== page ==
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Fibres from flax overproducing β-1,3-glucanase show increased accumulation of pectin and phenolics and thus higher antioxidant capacity

Wioleta Wojtasik1, Anna Kulma1*, Lucyna Dymińska2, Jerzy Hanuza23, Jacek Żebrowski4 and Jan Szopa15

Author Affiliations

1 Faculty of Biotechnology, University of Wrocław, Przybyszewskiego 63/77, 51-148, Wrocław, Poland

2 Department of Bioorganic Chemistry, Institute of Chemistry and Food Technology, Faculty of Economics and Engineering, University of Economics, Komandorska 118/120, 50-345, Wrocław, Poland

3 Institute of Low Temperatures and Structure Research, Polish Academy of Sciences, Okolna 2, 50-422, Wrocław, Poland

4 Faculty of Biotechnology, Centre of Applied Biotechnology and Basic Sciences, Rzeszów University, Rzeszów, Poland

5 Linum Fundation, Stabłowicka 149-147, 54-066 Wroclaw, Poland

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BMC Biotechnology 2013, 13:10  doi:10.1186/1472-6750-13-10

Published: 9 February 2013



Recently, in order to improve the resistance of flax plants to pathogen infection, transgenic flax that overproduces β-1,3-glucanase was created. β-1,3-glucanase is a PR protein that hydrolyses the β-glucans, which are a major component of the cell wall in many groups of fungi. For this study, we used fourth-generation field-cultivated plants of the Fusarium -resistant transgenic line B14 to evaluate how overexpression of the β-1,3-glucanase gene influences the quantity, quality and composition of flax fibres, which are the main product obtained from flax straw.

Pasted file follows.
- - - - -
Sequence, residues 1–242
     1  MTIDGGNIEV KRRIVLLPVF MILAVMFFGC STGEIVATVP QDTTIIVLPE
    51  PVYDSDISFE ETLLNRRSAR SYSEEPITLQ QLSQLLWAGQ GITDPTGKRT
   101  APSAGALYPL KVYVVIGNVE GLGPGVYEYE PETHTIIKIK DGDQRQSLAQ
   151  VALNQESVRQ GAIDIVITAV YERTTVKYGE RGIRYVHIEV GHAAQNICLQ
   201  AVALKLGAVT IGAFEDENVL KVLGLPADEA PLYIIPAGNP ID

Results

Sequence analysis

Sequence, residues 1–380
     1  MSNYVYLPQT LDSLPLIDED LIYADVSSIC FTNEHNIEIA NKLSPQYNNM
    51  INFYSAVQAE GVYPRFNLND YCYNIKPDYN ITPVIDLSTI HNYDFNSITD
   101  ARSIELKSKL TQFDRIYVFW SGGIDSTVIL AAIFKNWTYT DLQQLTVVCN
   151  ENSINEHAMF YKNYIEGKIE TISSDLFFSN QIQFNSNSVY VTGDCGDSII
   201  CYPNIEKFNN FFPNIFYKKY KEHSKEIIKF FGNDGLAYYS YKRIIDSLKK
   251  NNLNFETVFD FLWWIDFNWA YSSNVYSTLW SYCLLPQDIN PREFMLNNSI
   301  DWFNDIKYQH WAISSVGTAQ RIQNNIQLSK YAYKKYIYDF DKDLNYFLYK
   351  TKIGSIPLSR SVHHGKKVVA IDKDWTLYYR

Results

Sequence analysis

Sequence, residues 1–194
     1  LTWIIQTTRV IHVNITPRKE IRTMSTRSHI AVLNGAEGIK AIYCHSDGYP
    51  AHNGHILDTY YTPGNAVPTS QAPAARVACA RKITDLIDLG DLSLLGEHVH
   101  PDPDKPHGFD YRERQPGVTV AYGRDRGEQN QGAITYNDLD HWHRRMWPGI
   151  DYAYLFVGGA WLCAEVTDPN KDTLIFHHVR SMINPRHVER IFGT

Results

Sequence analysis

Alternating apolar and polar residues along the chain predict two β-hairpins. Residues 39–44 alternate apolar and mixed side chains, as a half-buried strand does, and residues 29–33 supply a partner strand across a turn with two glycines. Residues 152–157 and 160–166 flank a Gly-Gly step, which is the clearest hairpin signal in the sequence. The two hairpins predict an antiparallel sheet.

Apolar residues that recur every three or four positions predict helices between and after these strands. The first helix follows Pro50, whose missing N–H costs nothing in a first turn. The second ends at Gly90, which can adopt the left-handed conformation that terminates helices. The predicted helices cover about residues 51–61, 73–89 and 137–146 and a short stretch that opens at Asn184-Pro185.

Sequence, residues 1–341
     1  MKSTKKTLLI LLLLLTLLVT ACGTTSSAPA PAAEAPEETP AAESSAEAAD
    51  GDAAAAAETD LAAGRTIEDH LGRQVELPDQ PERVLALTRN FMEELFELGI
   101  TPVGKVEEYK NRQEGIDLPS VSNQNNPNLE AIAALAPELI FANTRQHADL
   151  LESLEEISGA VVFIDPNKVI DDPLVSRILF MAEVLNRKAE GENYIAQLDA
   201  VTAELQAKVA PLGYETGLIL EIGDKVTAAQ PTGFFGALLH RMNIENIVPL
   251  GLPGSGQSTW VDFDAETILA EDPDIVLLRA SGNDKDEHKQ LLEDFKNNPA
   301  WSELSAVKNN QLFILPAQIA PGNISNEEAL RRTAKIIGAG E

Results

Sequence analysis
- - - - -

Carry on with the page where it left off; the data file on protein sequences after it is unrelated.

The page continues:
Overproduction of β-1,3-glucanase did not affect the quantity of the fibre obtained from the flax straw and did not significantly alter the essential mechanical characteristics of the retted fibres. However, changes in the contents of the major components of the cell wall (cellulose, hemicellulose, pectin and lignin) were revealed. Overexpression of the β-1,3-glucanase gene resulted in higher cellulose, hemicellulose and pectin contents and a lower lignin content in the fibres. Increases in the uronic acid content in particular fractions (with the exception of the 1 M KOH-soluble fraction of hemicelluloses) and changes in the sugar composition of the cell wall were detected in the fibres of the transgenic flax when compared to the contents for the control plants. The callose content was lower in the fibres of the transgenic flax. Additionally, the analysis of phenolic compound contents in five fractions of the cell wall revealed important changes, which were reflected in the antioxidant potential of these fractions.


Overexpression of the β-1,3-glucanase gene has a significant influence on the biochemical composition of flax fibres. The constitutive overproduction of β-1,3-glucanase causes a decrease in the callose content, and the resulting excess glucose serves as a substrate for the production of other polysaccharides. The monosaccharide excess redirects the phenolic compounds to bind with polysaccharides instead of to partake in lignin synthesis. The mechanical properties of the transgenic fibres are strengthened by their improved biochemical composition, and the increased antioxidant potential of the fibres supports the potential use of transgenic flax fibres for biomedical applications.

Biopolymers; Fibres; Flax; Linum usitatissimum